Creating a sense of purpose and identity.
In my talks to parents, I always include how to make a Family Mission Statement. After the talk, I've had parents whose children are now grown, come up and say, "I wish we had done that as a family."
What is a family mission statement, and how can it help your family?
Successful schools, businesses, and non-profits typically have mission statements. Those mission statements identify their core values and create a common culture.
Culture shapes character. If we want to raise kids who are respectful, responsible, and kind, we need to create an intentional family culture that explicitly prioritizes and promotes those qualities.
A family mission statement is a way to do that.
- Sit down together as a family and ask, "What kind of a family do we want to be?"
- So that your kids feel ownership, ask them, "How should each of us behave and treat others if we want to have a happy family?" Give an example or two to get the process started.
- Then develop together a set of "We" statements that express what family members — adults and kids — will do their best to live by.
Below is one family's mission statement. Their kids were 9, 7, 6, and 4 when they made it.
The Davidson Way
We commit to being kind, honest, and fair.
We don't lie, cheat, steal, or hurt someone on purpose.
We don't whine, complain, or make excuses.
When we make a mistake, we admit it, make up for it, and learn from it.
We work to keep our minds, bodies, and souls healthy, strong, and pure.
We commit to growing in our faith through practice and trust in God's goodness.
We live with an attitude of gratitude.
Their Family Mission Statement hung in the kitchen where they could review it at the start of the week and refer to it when needed. The dad comments:
We occasionally read the entire thing, but mostly we look for the parts that pertain to a challenge we're responding to at the moment. We highlight that part and discuss it. The kids are beginning to remember and use some of the language.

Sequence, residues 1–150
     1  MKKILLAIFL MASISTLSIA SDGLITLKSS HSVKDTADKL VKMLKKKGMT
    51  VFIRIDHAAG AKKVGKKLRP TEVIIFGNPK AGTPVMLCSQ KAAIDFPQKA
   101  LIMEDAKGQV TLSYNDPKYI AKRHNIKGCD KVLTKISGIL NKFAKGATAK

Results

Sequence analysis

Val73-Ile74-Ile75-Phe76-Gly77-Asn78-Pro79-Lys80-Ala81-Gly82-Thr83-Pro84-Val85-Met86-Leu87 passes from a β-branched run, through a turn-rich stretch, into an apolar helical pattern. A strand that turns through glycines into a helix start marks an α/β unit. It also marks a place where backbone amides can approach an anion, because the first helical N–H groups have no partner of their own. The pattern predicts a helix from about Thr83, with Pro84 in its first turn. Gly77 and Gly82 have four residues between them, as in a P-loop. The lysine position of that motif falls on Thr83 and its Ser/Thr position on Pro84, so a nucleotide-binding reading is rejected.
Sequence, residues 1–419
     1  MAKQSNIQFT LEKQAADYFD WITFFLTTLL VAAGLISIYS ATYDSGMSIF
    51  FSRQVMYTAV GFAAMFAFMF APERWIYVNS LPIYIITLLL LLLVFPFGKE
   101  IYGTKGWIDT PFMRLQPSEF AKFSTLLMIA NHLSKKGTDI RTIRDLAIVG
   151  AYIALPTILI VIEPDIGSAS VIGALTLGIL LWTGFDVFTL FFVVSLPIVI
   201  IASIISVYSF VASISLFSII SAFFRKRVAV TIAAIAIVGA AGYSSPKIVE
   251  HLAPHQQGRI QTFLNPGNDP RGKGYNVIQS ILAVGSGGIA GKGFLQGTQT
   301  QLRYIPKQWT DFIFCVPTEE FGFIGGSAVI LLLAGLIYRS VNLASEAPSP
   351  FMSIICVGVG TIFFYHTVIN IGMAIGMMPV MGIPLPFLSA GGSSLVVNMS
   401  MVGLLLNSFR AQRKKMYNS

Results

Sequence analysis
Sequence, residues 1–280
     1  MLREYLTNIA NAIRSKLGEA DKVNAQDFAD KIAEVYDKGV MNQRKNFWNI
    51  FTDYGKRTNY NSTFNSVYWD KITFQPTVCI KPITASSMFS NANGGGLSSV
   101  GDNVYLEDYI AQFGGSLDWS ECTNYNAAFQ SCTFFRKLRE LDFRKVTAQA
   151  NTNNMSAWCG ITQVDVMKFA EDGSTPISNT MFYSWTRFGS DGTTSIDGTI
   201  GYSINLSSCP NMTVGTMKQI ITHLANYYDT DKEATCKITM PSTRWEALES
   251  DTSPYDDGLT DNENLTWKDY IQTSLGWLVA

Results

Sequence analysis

We think the greatest benefit will be long-term. Having this in place now, before there are major issues, means we won't be starting with a blank slate when we face a problem later on.
If your Family Mission Statement becomes a continuing point of reference, it will create a shared sense of purpose and identity:
"This is how we live; this is who we are."
One family had an embroidered sign hanging in their home:
Remember you're a Morfit.
It was a simple reminder, aimed at keeping kids identified with the family values. You could use something like that in combination with your mission statement.
Of course, even with a Family Mission Statement in place, creating a culture of kindness and respect in your family will require lots of follow-through so that it doesn't become just "words on a wall." One way to follow through is to discuss every so often:
"How are we doing with our Mission Statement?"
"What's been better?"
"Where do we have room for improvement?"
With a family mission statement, you won't be starting from scratch every time you face a challenge. You'll have something to build on, something you created together. Something that makes you feel — even when you're having a tough week — that you're on the same team.
I urge you to do a Family Mission Statement with your family.
For more on the Family Mission Statement and related strategies, see Chapter 4, "How to Create a Positive Family Culture: 6 Principles," in How to Raise Kind Kids: And Get Respect, Gratitude, and a Happier Family in the Bargain.
Thomas Lickona. "A family mission statement: Why and how to make one." Psychology Today blog (September 2, 2019).
Thomas Lickona writes a monthly blog, "Raising Kind Kids" for Psychology Today. This post is reprinted with permission from the author, Thomas Lickona, Ph.D.
Photo by Allen Taylor on Unsplash
Thomas Lickona, Ph.D., is a psychologist and educator who has been called "the father of modern character education." A professor of education emeritus at State University of New York, Cortland, he is the founding director of the Center for the Fourth and Fifth Rs (Respect and Responsibility) and is the author of How to Raise Kind Kids: And Get Respect, Gratitude, and a Happier Family in the Bargain, Character Matters: How to Help Our Children Develop Good Judgment, Integrity, and Other Essential Virtues and Educating for Character. He has also written Raising Good Children and co-authored Sex, Love and You. Tom Lickona is on the Advisory Board of the Catholic Education Resource Center. Visit his web site here.Copyright © 2019 Thomas Lickona, Ph.D.
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